Tag Archives: trees

New Year’s Day Walk

It was good to get out for a long walk this morning after the festivities of New Year’s Eve. The sun shone and I grabbed my camera, heading out to the Bedelands in Burgess Hill, West Sussex near my home. It was early and aside from a few early bird dog walkers, I had the forest and fields pretty much to myself.




A Weekend in Puglia, Italy – Part 1

italy 82I was lucky enough to be invited down to Puglia, Italy last weekend for a design conference held by the Italian Trade Commission. No need to ask me twice! I packed a carry-on and headed off to Stansted Airport to catch the Ryanair flight to Bari.

After a day meeting Italian suppliers, I got up early on the Sunday morning to catch the beautiful early morning light. I had a walk around the grounds of the lovely hotel Masseria San Domencio in Fasano, and managed to capture some images as the sun was rising.

It’s nice to remember there are places with blue sky in December.

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Battersea Park

I spent a few hours between meetings meandering around Battersea Park. Playing with the manual settings on my new camera (a Nikon d3100 — my first digital SLR). Autumn was turning the trees gold…








…and birds…



…and flowers hanging on…




…and architecture…




…and dancing fountains…


…and joggers…


…and Buddhas…


…and leaves….lots of leaves.


Some More Faces in the Forest

I love looking for faces in the forest and in the driftwood when I’m out walking Ralphie. It’s amazing what you can see when you start looking.

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I thought that one looked like a Scottie dog.

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A pouncing cat.

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A bit like a gorilla.

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A large bird at the base of the tree.

The Big Tree

I had an errand to run in Port Alberni yesterday, and on the way back I stopped at Cathedral Grove to see The Big Tree. I’d missed it the last time I was there with Jamjarjude — it was in another part of the grove and we didn’t have time to trek there. But this time, I was on a mission.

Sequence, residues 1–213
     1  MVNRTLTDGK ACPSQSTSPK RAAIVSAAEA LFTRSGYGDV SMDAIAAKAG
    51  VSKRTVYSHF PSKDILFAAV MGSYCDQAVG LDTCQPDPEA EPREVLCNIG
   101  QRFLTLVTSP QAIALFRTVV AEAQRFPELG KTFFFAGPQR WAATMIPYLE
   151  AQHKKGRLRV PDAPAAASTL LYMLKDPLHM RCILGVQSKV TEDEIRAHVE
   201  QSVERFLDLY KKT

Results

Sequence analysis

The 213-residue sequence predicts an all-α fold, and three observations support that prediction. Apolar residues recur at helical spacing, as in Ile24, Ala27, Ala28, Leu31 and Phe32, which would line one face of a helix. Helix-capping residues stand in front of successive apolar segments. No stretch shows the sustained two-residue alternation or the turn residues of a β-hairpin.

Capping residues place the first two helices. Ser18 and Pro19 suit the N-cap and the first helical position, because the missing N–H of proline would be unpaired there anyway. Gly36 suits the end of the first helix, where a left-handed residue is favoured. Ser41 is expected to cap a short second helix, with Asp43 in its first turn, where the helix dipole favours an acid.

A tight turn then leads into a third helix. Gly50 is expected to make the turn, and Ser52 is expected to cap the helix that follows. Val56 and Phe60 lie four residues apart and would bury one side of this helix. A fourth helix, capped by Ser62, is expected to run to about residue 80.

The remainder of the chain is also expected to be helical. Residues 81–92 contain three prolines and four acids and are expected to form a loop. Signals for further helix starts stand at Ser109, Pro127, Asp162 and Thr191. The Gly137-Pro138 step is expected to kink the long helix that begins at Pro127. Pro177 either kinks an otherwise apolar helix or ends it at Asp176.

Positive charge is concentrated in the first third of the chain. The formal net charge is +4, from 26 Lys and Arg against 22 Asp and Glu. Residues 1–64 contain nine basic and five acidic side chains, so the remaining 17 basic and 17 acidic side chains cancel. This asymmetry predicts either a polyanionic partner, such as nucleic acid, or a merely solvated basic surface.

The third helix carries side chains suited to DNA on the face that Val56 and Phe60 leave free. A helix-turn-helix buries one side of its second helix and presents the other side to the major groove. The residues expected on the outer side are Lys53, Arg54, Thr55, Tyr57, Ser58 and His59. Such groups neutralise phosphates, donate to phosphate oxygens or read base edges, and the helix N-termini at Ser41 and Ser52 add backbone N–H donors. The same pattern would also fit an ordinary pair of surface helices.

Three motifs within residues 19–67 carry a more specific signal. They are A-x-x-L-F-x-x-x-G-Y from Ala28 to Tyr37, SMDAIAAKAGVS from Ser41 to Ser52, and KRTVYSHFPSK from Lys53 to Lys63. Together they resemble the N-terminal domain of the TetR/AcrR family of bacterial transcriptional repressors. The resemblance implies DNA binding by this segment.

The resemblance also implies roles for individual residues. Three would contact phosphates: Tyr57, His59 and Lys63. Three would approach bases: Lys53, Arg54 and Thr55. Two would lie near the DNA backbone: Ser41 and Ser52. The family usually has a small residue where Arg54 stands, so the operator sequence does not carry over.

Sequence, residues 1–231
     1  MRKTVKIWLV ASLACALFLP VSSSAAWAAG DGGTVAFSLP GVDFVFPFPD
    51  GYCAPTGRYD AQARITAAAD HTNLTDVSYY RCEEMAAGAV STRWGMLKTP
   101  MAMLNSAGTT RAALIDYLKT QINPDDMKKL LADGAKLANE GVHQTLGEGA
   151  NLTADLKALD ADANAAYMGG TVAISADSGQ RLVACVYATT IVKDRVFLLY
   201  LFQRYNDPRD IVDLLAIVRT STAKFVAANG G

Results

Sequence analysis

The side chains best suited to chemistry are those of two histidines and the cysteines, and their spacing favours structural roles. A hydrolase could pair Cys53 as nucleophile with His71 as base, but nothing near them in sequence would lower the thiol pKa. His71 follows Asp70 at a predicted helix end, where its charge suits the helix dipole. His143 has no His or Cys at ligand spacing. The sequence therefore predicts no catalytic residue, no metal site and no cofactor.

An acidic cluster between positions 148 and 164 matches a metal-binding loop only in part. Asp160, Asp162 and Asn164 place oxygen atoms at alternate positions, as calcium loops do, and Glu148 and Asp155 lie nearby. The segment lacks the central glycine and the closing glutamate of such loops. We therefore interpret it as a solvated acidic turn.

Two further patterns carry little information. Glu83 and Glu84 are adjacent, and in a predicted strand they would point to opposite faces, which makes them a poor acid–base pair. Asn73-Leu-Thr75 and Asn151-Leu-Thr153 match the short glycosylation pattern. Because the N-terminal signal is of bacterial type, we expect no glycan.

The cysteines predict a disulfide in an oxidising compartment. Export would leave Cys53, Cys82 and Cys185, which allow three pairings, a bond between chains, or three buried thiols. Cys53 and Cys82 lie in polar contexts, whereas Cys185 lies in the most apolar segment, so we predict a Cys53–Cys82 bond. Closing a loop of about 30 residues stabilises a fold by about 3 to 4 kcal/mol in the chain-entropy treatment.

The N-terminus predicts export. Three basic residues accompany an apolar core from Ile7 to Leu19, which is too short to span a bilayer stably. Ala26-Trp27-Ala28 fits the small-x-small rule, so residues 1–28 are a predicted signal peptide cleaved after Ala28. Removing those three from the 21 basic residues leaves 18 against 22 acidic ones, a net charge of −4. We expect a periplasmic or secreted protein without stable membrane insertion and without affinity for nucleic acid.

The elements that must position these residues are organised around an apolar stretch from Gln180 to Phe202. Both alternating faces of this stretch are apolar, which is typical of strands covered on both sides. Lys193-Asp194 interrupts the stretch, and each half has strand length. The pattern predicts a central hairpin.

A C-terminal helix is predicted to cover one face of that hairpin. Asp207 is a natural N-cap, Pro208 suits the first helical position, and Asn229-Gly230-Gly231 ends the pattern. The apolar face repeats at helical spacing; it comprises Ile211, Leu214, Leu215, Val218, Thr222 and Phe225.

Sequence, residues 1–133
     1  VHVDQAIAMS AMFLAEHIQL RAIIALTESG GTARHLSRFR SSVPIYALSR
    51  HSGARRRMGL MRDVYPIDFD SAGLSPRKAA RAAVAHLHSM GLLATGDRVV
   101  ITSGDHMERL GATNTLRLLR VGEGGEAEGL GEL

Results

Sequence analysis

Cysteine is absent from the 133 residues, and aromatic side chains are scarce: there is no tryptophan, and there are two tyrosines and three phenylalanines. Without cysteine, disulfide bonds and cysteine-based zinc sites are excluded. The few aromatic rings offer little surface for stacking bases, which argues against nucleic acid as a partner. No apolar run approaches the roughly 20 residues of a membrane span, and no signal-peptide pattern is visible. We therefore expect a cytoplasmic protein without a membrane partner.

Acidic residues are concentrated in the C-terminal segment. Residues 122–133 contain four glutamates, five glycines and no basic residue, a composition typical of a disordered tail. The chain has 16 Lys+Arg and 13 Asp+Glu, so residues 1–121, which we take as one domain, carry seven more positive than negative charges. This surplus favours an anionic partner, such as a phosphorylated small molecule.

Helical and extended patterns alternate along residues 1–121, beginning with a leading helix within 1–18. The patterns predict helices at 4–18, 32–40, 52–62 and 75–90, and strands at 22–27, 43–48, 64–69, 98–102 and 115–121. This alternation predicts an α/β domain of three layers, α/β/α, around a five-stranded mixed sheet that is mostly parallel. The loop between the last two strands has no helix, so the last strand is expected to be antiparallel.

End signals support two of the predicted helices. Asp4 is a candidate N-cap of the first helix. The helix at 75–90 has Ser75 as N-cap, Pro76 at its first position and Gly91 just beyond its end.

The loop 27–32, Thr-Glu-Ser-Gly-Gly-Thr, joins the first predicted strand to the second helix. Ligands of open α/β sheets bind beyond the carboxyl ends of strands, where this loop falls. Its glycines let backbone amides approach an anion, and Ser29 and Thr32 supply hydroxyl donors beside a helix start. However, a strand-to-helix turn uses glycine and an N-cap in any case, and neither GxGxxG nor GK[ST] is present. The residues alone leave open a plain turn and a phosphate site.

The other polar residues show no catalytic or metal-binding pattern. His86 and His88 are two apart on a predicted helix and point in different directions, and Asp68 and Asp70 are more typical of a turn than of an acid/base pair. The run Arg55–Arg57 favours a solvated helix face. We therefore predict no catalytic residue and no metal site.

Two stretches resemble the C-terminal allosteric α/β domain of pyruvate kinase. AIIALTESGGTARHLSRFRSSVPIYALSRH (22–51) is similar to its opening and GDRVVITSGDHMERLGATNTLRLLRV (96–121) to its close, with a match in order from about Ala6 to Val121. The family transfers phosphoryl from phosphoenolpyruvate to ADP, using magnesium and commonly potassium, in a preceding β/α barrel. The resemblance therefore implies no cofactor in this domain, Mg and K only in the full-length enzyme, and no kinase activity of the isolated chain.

But, of course, once you walk into Cathedral Grove, with its centuries-old redwoods, your pace is slowed and your mouth drops open. Because all you can do is look up.

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The grove goes on for miles, but only a small portion of it is accessible. The paths are covered with moss, which drapes from branches like swags of green velvet.

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The grove is so quiet… you tend to find yourself whispering. It is a place of awe.

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Then the quiet is broken by the murmurings of a brook, and, for a moment, I bring my eyes back to earth, to reconnect.

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I pass a lightning tree – a giant which has been immolated by a blast of lightning from a sky god…

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…just the one tree, in the middle of the forest, all its neighbours untouched.

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Then, it is there. The Big Tree. A Douglas fir eight hundred years old. Already 300 years old when Columbus set foot on the New World. Born at the end of the 12th century, when Richard The Lion-Heart was on the throne of England, and Genghis Khan’s armies overran Asia. Still alive. A connection to all that has lived since it’s birth.

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Seventy-six metres tall, nine metres round, taller than the Leaning Tower of Pisa. And still growing. It has another two hundred years to go before it starts its decline.

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And I touched it of course.